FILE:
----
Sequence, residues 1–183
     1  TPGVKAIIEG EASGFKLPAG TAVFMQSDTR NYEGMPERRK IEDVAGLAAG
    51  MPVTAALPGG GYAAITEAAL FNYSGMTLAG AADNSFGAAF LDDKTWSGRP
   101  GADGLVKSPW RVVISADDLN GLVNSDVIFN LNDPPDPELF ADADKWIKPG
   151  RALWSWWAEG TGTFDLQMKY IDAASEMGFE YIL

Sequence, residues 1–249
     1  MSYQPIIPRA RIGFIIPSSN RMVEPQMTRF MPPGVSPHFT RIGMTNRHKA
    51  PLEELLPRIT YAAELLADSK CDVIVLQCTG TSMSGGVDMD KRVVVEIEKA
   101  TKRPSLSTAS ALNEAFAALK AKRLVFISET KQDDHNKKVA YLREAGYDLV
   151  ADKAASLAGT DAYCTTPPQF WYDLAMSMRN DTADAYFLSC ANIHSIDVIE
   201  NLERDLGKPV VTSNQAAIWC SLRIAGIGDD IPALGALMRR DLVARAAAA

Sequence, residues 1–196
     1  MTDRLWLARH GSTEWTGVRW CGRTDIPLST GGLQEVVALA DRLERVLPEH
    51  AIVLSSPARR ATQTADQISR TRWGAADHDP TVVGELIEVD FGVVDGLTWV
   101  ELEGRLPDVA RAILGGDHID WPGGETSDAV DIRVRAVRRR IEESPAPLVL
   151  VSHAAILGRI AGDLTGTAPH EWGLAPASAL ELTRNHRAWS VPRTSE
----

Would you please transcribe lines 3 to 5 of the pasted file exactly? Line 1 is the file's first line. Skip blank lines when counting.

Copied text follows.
    51  MPVTAALPGG GYAAITEAAL FNYSGMTLAG AADNSFGAAF LDDKTWSGRP
   101  GADGLVKSPW RVVISADDLN GLVNSDVIFN LNDPPDPELF ADADKWIKPG
   151  RALWSWWAEG TGTFDLQMKY IDAASEMGFE YIL